On the whole, I think we've done pretty well as celiacs in educating our doctors, nurses, anesthesiologists, dentists, family and friends on what it means to be a celiac - in some places, the tests for celiac disease are now ordered as a matter of course when diagnosing digestive difficulties. But just as researchers are still studying celiac disease and coming up with new information, we need to keep educating. What I'm asking is that we start to mention neurological celiac disease to our doctors and nurses and dentists and family and friends when we talk about celiac disease, because our brains are not as resilient as our digestive systems. We all know how hard the diet is, but I know of one little boy who will not only have to cope with a gluten free diet, but will always need a walker to get around, and will suffer from severe mental disabilities all his life because it took four years worth of doctors - and thousands of tests - to realise that he had neurological celiac disease.

Neurological Celiac disease- Neurological symptoms 01 Nov 2007 18:52 #468

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debra,

what does bump for alex mean? yes i recognize myself. now what? find a doctor who will listen, i suppose. maybe i can talk to the woman who wrote this?

thanks again.
a

Neurological Celiac disease- Neurological symptoms 01 Nov 2007 19:16 #469

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Hi Alex,

Yes, finding a new GI doc or neurologist who understands that gluten can affect your brain is a good start, however in your case you need to make sure they also understand selective IgA Deficiency.

Bump just means I moved an older post to the top again so you can see it. Some of the best posts are older ones that need to move up again. I could pin it to the top but I have so many already pinned. 

Neurological Celiac disease- Neurological symptoms 02 Nov 2007 18:23 #467

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Hi Deb,

Interesting [and frustrating story] and all too common, sadly :(

I just thought I share this with the board...I know it might be a bit technical, but if people walk away with the mere fact that "gluten can affect something other than the gut"...that's a start!

Dr. Hadjivassiliou is a neurologist in the UK at The Royal Hallamshire Hospital . He has done extensive work in the neurological aspects of how gluten affects the body.

A special thanks to my friend Anne for assembling these articles.


Myopathy associated with gluten sensitivity, Dec 2006
www.ncbi.nlm.nih.gov/entrez/query.fcgi?d...&itool=pubmed_docsum

Dietary treatment of gluten neuropathy. Sept 2006
www.ncbi.nlm.nih.gov/entrez/query.fcgi?d...&itool=pubmed_docsum


Neuropathy associated with gluten sensitivity, Nov 2006
www.ncbi.nlm.nih.gov/entrez/query.fcgi?d...&itool=pubmed_docsum

Autoantibody targeting of brain and intestinal transglutaminase in gluten ataxia. Feb 2006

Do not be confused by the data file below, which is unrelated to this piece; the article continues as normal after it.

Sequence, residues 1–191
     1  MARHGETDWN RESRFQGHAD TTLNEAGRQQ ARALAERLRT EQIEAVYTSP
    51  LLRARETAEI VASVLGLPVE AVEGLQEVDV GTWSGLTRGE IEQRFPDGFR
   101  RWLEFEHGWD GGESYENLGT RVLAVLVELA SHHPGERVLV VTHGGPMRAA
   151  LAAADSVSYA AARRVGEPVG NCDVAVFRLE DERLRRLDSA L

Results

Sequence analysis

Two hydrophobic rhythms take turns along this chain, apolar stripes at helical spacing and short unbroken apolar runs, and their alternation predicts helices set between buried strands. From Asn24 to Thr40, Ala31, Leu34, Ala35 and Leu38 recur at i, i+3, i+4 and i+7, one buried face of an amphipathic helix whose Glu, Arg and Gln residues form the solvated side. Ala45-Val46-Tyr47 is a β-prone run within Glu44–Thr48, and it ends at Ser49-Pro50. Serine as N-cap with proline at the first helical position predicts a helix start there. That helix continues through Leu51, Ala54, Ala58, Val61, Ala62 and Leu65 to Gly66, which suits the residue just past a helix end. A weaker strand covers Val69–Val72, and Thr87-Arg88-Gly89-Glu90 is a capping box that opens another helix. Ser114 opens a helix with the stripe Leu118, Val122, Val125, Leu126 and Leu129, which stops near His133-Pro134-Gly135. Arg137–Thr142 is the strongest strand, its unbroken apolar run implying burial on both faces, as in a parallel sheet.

www.ncbi.nlm.nih.gov/entrez/query.fcgi?d...&itool=pubmed_docsum

Cerebellar abnormalities on proton MR spectroscopy in gluten ataxia. July 2005 - free full text
www.ncbi.nlm.nih.gov/entrez/query.fcgi?d...&itool=pubmed_docsum

Are lower gastrointestinal investigations necessary in patients with coeliac disease? Jun 2005
www.ncbi.nlm.nih.gov/entrez/query.fcgi?d...&itool=pubmed_docsum

Multiple sclerosis and occult gluten sensitivity. Mar 2005
www.ncbi.nlm.nih.gov/entrez/query.fcgi?d...&itool=pubmed_docsum

Making the diagnosis of coeliac disease: is there a role for push enteroscopy? Nov 2004
www.ncbi.nlm.nih.gov/entrez/query.fcgi?d...&itool=pubmed_docsum

The immunology of gluten sensitivity: beyond the gut. Nov 2004
www.ncbi.nlm.nih.gov/entrez/query.fcgi?d...&itool=pubmed_docsum

Gluten sensitivity masquerading as systemic lupus erythematosus. Nov 2004 - free full text
www.ncbi.nlm.nih.gov/entrez/query.fcgi?d...&itool=pubmed_docsum

The Neurology of Gluten Sensitivity: Science vs. Conviction
pn.bmj.com/cgi/reprint/4/2/124 - Free full text

Choreic syndrome and coeliac disease: a hitherto unrecognised association, Apr 2004
www.ncbi.nlm.nih.gov/entrez/query.fcgi?d...&itool=pubmed_docsum

Dietary treatment of gluten ataxia. Sept 2003 - free full text
www.ncbi.nlm.nih.gov/entrez/query.fcgi?d...&itool=pubmed_docsum

A primary care cross-sectional study of undiagnosed adult coeliac disease. Apr 2003
www.ncbi.nlm.nih.gov/entrez/query.fcgi?d...&itool=pubmed_docsum

Gluten ataxia in perspective: epidemiology, genetic susceptibility and clinical characteristics. Mar 2003 - free full text
www.ncbi.nlm.nih.gov/entrez/query.fcgi?d...&itool=pubmed_docsum

Gluten Sensitivity: Time to move from Gut to Brain. Jan/Feb 2003 - full text
www.acnr.co.uk/pdfs/volume2issue6/v2i6reviewart2.pdf

The humoral response in the pathogenesis of gluten ataxia. Apr 2002
www.ncbi.nlm.nih.gov/entrez/query.fcgi?d...&itool=pubmed_docsum

Gluten sensitivity as a neurological illness. May 2002 - free full text - Excellent overview article
www.ncbi.nlm.nih.gov/entrez/query.fcgi?d...&itool=pubmed_docsum

Headache and CNS white matter abnormalities associated with gluten sensitivity. Feb 2001
www.ncbi.nlm.nih.gov/entrez/query.fcgi?d...&itool=pubmed_docsum

Gluten sensitivity: a many headed hydra. Jun 1999 - free full text
www.ncbi.nlm.nih.gov/entrez/query.fcgi?d...&itool=pubmed_docsum

Clinical, radiological, neurophysiological, and neuropathological characteristics of gluten ataxia. Nov 1998